Awash with Squash

It was a dark and stormy night.

The garden didn’t look like this on the night that the men harvested the squash. But then again, the men didn’t look like the girl in the painting, either. Promenade by Steve Henderson.

Amidst the raging wind, and while I sat cosily knitting on the couch, The Norwegian Artist and the Son and Heir brought in the last of the garden’s harvest. (Those of you who enjoy a comfortable, long-time relationship with the other half of your soul recognize that, sometimes you’re doing cruddy things and he’s not; but other times he’s doing them, and you’re knitting.)

Aside from two sopped yet triumphant males, the evening resulted in three overflowing wheelbarrows of winter squash, something that I had no idea of what to do with. I mentioned this culinary lack on my part to the Son and Heir last winter when he was ordering seeds, but he loftily informed me that there are lots of things that one can do with winter squash, and he would duly provide me with recipes.

The only recipe I knew was the one my parents used: whack the squash in half, stick it in the oven til it’s mushy, mash it like potatoes, and slather butter and brown sugar on top.

Yuck.

There’s a reason why I was adamantly opposed to the over enthusiastic planting of this stuff.

But, I must concede to the Son and Heir, there’s a lot of it, it’s cheap, it’s nutritious, and it lasts a long time, especially when you don’t use it, but that latter, I’m told, is not an option.

It’s not just squash that you find in gardens. Garden Gatherings by Steve Henderson.

I might take this moment to mention, incidentally, that the promised recipes are not forthcoming and don’t look like they ever will be, but not to matter — I am creating them myself. Not only that, but I am slowly discovering that there are lot of things you can do with winter squash other than overcook and pulverize it into something that the dogs delicately sniff before giving you that look, “You don’t expect me to eat this, do you?”

(As I recall, that question, while being in the forefront of my mind as a child, is one I would never have dared to utter aloud. How things change.)

With the notable exception of what to do with winter squash, my parents taught me a lot of cool things, not the least of which was how to use the resources I had to the best of their advantage, and I am now on the challenge of the chase — mind whirling with ideas of how to transform massive amounts of slightly sweet, starchy material into something that I, the rest of the family, and the dogs, will eat.

You, my friends, will reap the largesse of this activity, beginning with today’s lunch, Chicken Quinoa Soup with Cubed Delicata Squash. If you don’t know what Delicata Squash looks like, follow the link, but please make sure to come back, because we’re not done yet. (Actually, you can use pretty much any variety of winter squash for this soup; I’m using Delicata because 1) I have an overflowing wheelbarrow of it and 2) it’s small, sweet, and easy to handle.)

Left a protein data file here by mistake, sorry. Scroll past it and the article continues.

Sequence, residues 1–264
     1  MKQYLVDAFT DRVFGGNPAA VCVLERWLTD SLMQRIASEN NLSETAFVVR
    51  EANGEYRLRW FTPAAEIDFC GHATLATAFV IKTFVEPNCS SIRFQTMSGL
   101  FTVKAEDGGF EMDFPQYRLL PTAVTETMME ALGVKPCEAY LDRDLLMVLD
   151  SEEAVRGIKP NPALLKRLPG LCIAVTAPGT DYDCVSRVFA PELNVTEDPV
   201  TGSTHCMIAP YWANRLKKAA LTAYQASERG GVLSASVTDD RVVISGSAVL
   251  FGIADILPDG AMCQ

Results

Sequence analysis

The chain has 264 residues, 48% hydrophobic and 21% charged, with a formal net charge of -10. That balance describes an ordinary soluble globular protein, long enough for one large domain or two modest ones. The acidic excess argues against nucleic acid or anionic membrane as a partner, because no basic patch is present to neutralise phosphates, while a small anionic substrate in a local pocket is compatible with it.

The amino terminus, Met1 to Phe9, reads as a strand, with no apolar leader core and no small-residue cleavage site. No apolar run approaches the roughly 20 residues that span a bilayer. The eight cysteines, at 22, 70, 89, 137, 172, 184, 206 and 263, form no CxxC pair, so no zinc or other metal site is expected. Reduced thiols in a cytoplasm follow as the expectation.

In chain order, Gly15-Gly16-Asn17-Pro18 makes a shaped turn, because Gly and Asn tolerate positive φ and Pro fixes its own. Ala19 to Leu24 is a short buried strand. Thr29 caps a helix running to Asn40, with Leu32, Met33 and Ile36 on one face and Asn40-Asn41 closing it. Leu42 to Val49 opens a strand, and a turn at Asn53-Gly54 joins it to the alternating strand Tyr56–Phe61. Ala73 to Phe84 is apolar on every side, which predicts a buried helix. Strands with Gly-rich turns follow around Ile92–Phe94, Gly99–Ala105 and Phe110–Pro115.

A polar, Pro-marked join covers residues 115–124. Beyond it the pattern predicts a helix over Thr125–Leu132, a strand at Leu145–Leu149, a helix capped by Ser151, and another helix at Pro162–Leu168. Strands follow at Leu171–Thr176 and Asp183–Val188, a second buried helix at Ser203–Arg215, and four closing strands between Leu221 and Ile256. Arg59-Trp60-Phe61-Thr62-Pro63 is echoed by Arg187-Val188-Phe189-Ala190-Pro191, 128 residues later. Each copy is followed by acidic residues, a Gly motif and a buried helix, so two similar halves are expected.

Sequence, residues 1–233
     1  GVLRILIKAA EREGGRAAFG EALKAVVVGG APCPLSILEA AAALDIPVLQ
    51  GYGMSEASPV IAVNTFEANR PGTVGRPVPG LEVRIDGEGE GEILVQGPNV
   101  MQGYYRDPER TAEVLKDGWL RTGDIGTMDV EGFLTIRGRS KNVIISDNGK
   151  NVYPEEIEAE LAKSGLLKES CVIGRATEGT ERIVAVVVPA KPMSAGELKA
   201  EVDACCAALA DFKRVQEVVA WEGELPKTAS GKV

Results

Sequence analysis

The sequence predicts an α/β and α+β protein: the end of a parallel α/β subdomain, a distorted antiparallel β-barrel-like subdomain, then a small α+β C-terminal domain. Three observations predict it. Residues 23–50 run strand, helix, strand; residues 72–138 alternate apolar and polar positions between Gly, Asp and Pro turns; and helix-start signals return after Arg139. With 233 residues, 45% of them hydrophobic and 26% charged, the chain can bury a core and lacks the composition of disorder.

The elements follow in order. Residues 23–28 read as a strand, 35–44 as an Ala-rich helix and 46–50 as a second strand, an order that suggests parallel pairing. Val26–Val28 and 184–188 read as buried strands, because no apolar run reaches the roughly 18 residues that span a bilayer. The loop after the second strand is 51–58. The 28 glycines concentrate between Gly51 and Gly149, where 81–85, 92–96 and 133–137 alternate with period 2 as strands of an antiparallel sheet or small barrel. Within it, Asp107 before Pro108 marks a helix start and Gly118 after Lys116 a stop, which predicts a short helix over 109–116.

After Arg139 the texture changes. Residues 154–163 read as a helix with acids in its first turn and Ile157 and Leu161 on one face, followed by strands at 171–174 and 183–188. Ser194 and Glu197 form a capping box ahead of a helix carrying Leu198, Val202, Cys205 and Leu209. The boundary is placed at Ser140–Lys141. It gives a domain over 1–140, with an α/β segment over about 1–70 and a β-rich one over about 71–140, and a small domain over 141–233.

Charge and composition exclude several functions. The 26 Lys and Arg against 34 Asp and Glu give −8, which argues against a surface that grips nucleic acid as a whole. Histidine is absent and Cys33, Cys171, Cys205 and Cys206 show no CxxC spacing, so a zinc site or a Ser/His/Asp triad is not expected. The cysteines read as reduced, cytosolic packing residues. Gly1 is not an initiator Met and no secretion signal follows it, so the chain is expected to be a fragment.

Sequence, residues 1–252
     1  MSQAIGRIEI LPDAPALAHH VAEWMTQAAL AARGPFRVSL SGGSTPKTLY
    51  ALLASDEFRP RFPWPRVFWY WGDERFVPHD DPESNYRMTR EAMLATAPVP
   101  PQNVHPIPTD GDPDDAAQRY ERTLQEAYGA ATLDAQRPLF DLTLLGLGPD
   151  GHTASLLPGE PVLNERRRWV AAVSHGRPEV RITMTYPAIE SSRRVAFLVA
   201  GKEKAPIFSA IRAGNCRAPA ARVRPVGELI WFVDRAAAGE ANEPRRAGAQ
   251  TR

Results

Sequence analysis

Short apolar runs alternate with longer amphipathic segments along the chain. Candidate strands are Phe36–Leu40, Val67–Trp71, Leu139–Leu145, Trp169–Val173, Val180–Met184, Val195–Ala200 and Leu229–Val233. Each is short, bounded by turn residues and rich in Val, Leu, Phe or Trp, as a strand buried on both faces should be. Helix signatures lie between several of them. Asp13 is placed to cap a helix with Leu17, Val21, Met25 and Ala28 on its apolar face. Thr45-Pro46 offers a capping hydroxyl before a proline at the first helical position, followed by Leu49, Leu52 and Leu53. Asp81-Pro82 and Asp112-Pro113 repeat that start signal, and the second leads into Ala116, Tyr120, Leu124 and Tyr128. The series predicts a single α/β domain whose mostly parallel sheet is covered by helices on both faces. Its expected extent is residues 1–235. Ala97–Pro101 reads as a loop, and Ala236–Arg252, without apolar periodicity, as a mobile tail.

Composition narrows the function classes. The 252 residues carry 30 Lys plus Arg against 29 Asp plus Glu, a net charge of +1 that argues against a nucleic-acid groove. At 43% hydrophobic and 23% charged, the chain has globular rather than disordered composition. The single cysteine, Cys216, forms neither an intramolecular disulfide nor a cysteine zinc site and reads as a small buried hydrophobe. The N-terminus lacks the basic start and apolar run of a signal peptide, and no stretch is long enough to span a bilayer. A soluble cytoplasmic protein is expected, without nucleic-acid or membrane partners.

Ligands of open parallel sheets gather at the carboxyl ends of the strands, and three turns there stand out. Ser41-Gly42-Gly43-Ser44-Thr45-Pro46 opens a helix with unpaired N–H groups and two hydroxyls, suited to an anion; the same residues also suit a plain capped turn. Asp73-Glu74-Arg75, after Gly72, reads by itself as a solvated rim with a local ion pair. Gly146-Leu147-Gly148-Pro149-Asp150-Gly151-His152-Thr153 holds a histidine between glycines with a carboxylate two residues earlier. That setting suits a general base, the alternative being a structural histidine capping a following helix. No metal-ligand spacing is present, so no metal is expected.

If you can’t pronounce Quinoa (keen-wa), much less know what it is, don’t panic — you can use rice, barley, or some other grain.

Whether you make the soup or not, think on this:

Opportunity is golden and fleeting. Snatch it when and where you can. Golden Opportunity by Steve Henderson.

We all have resources, and they’re all different. Some people have boxes and boxes of bananas, roasted coffee, and chocolate, and it’s tempting for others of us, faced with wheelbarrowfuls of winter squash, to look upon them with envy, but we lose something when we do that:

Opportunity.

And now, in case you missed (accidentally or on purpose) the link to the recipe above, let’s talk about Chicken Quinoa Soup with Cubed Delicata Squash.

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6 Responses to “Awash with Squash”

  1. Awash with Squash…great title. I am still chuckling about that much harvest. Winter squash is tasty…try cutting up yellows onions with it and pan frying in a small quantity of olive oil. Sal and pepper and it’s delicious. Happy eating!

    • Thelma: I’m glad you like the title. It was one of those that just strode into the room and sat down beside me at the desk.

      I am working on the harvest, and the gentle sauteeing in olive oil with salt and pepper is a good idea. Very simple and easy, which is probably why it never occurred to me!

  2. Indy says:

    Carolyn
    There is a bistro/cafe/bar in the Fairhaven district of Bellingham, not too far from where I live on Camano Island that I love to go too.

    They have a wonderful menu and I always say I will try something new when I go there with a friend for lunch. Then I always order the same thing; the squash lasagna…… It is so good…..you could experiment with substituting squash for……
    jus-sain…..
    Byindy.com

    • Indy: I’m like you when I go to Thai restaurant. I promise I’ll try something new, and then I just can’t resist the curries, but to my credit, at least I’ll move from red to green to yellow.

      Squash lasagne sounds most intriguing — I’m thinking that you thinly slice the squash and layer it like the noodles? I’ll do some research on this and see what comes up. Bon appetit!

  3. [...] cup chopped Delicata squash (bet you don’t have this; I do; I’m Awash with Squash; Delicata breaks down as it cooks and thickens the broth, but you could use a cup of chopped [...]

  4. [...] cup chopped Delicata squash (bet you don’t have this; I do; I’m Awash with Squash; Delicata breaks down as it cooks and thickens the broth, but you could use a cup of chopped celery [...]

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